The patients we saw at the hospital came from all classes of society. The general wards with 20 or more beds in each were occupied by those who worked for bigger land-owners or the bhumihars who used them like bonded labour, paying a pittance for a day’s work, giving loans in times of need and thus binding them for life. The hospital was not expensive by any standard but they still found it hard to pay the bills. The poor of Bihar are the poorest I have met. The Sisters of Charity and the Jesuit priests helped to uplift them economically and socially. This happened over several decades (the nuns who came from Kentucky in the US started the hospital in the early 1940s). The bhumihars could opt for the special wards which were more comfortable and private.

I soon found that my training in UK, good as it was, had not prepared me for what I saw in Bihar. Mokama was best known for its two infamous gangs of criminals who regularly settled scores against each other in shootouts that could take place near the railway tracks, in the mustard fields, a deserted building or the center of town. So although I did a lot of regular general surgery, much of the emergency work was to do with gun-battles that ended with several wounded landing up at the hospital, usually at the uncomfortable hours between midnight and 3am. The weapons used ranged from knives, bows-and-arrows, bombs and country-made pistols to the deadly AK47s. Even at those odd hours there would be crowds surging through the hospital entrance and pressing around the doctors with questions. I learnt quickly that it is important at such moments to be very firm. The patient needed urgent surgery, and that’s what I would do. The talking and explaining could wait.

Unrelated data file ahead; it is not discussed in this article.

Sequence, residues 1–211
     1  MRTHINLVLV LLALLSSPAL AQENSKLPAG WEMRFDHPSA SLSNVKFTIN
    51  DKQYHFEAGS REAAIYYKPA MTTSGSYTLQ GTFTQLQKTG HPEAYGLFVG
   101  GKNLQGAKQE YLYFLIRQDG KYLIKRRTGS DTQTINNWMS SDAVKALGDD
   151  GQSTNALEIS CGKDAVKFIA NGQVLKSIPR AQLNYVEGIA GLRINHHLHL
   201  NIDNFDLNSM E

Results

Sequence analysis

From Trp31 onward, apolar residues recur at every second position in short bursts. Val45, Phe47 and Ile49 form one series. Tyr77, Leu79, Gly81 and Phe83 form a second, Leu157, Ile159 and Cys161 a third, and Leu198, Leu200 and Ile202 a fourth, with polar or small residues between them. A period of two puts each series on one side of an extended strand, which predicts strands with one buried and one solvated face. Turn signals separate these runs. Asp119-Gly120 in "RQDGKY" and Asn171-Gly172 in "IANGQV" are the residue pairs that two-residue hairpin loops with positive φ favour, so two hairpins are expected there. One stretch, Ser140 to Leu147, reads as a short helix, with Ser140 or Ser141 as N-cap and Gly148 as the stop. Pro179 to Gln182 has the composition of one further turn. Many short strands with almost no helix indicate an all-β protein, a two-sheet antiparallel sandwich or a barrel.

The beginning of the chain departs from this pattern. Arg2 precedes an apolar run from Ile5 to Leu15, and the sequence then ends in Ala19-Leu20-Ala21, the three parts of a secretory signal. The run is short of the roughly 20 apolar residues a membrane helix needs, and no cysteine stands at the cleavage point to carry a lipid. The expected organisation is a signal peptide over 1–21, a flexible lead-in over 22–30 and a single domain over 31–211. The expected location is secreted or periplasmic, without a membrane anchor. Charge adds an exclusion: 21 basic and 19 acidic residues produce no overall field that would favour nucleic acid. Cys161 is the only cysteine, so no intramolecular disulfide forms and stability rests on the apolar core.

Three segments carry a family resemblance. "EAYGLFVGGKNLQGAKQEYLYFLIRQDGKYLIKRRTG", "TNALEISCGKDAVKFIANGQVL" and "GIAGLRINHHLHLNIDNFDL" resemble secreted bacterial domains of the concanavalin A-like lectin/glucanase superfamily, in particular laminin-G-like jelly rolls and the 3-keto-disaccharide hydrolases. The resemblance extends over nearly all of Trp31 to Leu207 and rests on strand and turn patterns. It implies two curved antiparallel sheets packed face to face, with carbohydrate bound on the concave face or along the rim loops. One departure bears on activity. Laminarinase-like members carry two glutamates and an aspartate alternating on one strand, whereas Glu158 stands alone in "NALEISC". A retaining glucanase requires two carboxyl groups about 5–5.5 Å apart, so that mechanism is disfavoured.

After some initial reluctance and anger, they accepted this arrangement. So after three or four hours in the operating room taking out bullets and sewing intestine – or a limb – blown apart by the injury, I would face the by now diminished number of ‘attenders’ of the patient and explain the injury, chances of survival, the need for more blood etc. As I spoke, I could not fail to notice the gun that often hid behind a shawl wrapped over the shoulders of one or more among them.

I could tell many stories about the cases I came across. The 9-year-old and his pregnant mother caught in the cross-fire in the marketplace; the sub-inspector of police with his guts ripped open; the policeman hemorrhaging from bullets in the chest; the young man whose hands got blown off by the crude bomb that exploded in his hands before he could use them; the 19-year-old whose parents told me – within his earshot – “Let him die, he’s not worth the trouble.”

Instead, I’ll say this much: I could not take it for too long. After a year, I quit, in spite of having loved my job. And years later, I went back with my husband and worked there again for a year-and-a-half. I went because although I was no longer young, I was still foolish. That’s my luck.